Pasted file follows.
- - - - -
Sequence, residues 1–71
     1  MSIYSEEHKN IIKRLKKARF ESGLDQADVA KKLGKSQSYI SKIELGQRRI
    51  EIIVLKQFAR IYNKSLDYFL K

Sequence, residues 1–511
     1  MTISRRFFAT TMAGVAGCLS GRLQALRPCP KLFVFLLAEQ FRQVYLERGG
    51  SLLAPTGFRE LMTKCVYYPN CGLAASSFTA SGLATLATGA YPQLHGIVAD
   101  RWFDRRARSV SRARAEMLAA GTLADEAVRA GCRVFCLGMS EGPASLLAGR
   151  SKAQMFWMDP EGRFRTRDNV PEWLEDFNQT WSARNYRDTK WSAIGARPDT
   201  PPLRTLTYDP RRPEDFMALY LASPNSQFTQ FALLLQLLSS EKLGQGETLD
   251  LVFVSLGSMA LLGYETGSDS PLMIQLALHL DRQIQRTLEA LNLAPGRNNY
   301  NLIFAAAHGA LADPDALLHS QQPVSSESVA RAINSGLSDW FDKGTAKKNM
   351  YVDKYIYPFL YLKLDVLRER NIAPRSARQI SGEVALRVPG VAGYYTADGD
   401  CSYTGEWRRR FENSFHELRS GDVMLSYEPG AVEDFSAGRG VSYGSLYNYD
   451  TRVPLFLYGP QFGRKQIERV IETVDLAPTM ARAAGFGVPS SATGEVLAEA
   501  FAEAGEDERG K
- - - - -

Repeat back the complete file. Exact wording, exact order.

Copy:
Sequence, residues 1–71
     1  MSIYSEEHKN IIKRLKKARF ESGLDQADVA KKLGKSQSYI SKIELGQRRI
    51  EIIVLKQFAR IYNKSLDYFL K

Sequence, residues 1–511
     1  MTISRRFFAT TMAGVAGCLS GRLQALRPCP KLFVFLLAEQ FRQVYLERGG
    51  SLLAPTGFRE LMTKCVYYPN CGLAASSFTA SGLATLATGA YPQLHGIVAD
   101  RWFDRRARSV SRARAEMLAA GTLADEAVRA GCRVFCLGMS EGPASLLAGR
   151  SKAQMFWMDP EGRFRTRDNV PEWLEDFNQT WSARNYRDTK WSAIGARPDT
   201  PPLRTLTYDP RRPEDFMALY LASPNSQFTQ FALLLQLLSS EKLGQGETLD
   251  LVFVSLGSMA LLGYETGSDS PLMIQLALHL DRQIQRTLEA LNLAPGRNNY
   301  NLIFAAAHGA LADPDALLHS QQPVSSESVA RAINSGLSDW FDKGTAKKNM
   351  YVDKYIYPFL YLKLDVLRER NIAPRSARQI SGEVALRVPG VAGYYTADGD
   401  CSYTGEWRRR FENSFHELRS GDVMLSYEPG AVEDFSAGRG VSYGSLYNYD
   451  TRVPLFLYGP QFGRKQIERV IETVDLAPTM ARAAGFGVPS SATGEVLAEA
   501  FAEAGEDERG K